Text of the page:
The estimation of a concentration-dependent diffusion coefficient in a drying process is known as an inverse coefficient problem. The solution is sought wherein the space-average concentration is known as function of time (mass loss monitoring). The problem is stated as the minimization of a functional and gradient-based algorithms are used to solve it. Many numerical and experimental examples that demonstrate the effectiveness of the proposed approach are presented. Thin slab drying was carried out in an isothermal drying chamber built in our laboratory. The diffusion coefficients of fructose obtained with the present method are compared with existing literature results. (c) 2006 Elsevier Ltd. All rights reserved.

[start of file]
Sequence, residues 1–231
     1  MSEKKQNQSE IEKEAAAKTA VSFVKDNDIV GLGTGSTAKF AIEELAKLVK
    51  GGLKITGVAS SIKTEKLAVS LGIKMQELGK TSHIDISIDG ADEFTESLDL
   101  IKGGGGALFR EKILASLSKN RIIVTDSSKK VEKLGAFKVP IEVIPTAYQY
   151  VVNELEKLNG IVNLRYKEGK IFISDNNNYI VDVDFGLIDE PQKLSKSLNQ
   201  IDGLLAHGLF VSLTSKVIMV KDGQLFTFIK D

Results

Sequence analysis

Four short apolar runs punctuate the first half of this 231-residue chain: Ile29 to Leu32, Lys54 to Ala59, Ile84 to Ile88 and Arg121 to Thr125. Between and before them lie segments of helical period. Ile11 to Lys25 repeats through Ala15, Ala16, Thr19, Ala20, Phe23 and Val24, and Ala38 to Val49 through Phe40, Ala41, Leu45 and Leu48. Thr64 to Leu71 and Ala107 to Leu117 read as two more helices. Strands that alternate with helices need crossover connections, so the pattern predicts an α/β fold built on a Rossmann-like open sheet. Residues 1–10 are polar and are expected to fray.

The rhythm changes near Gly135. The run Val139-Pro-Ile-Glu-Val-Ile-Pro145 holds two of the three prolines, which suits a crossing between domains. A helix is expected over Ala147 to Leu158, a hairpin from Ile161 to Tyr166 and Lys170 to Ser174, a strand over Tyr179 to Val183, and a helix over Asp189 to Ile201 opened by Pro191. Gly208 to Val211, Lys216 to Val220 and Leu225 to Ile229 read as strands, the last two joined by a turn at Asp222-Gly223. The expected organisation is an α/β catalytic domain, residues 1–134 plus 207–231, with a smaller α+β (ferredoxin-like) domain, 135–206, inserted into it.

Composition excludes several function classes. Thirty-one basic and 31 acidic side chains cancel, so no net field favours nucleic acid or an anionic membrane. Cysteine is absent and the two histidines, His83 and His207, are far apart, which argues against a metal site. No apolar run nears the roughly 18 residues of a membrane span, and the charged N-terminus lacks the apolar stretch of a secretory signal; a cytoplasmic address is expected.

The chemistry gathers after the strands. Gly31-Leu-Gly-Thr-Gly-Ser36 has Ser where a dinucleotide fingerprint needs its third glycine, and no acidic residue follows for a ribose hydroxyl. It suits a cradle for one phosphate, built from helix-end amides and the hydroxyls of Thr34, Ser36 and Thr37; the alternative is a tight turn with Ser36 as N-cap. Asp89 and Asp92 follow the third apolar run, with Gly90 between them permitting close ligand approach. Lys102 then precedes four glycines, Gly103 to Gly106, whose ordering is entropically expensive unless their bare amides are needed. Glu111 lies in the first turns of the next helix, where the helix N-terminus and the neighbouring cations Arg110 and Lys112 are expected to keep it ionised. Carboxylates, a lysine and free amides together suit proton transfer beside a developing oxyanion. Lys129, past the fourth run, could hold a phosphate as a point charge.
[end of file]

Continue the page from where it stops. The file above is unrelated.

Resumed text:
Inverse design techniques in the area of fluid mechanics are normally conducted for continuous flow turbomachines rather than positive displacement devices. However, the work in this article is concerned with a class of rotary positive displacement device referred to as the limaçon-to-limaçon machine. The rotors and housings of these machines are manufactured of limaçon profiles, and are likely to suffer from interference if the rotors are not carefully profiled. Published literature indicates that solutions proposed to tackle the interference problem in these machines will adversely affect their efficiency figures. This notion motivated the work presented in this article, which first introduces the relevant mathematical models of the limaçon-to-limaçon machine and then uses these models to construct an inverse geometric design problem formulation. The proposed model has been coded in a computer program that utilises a Marquardt-Levenberg technique to converge to the required geometric parameters. Case studies are presented at the end of the article to verify the validity of the proposed inverse design model.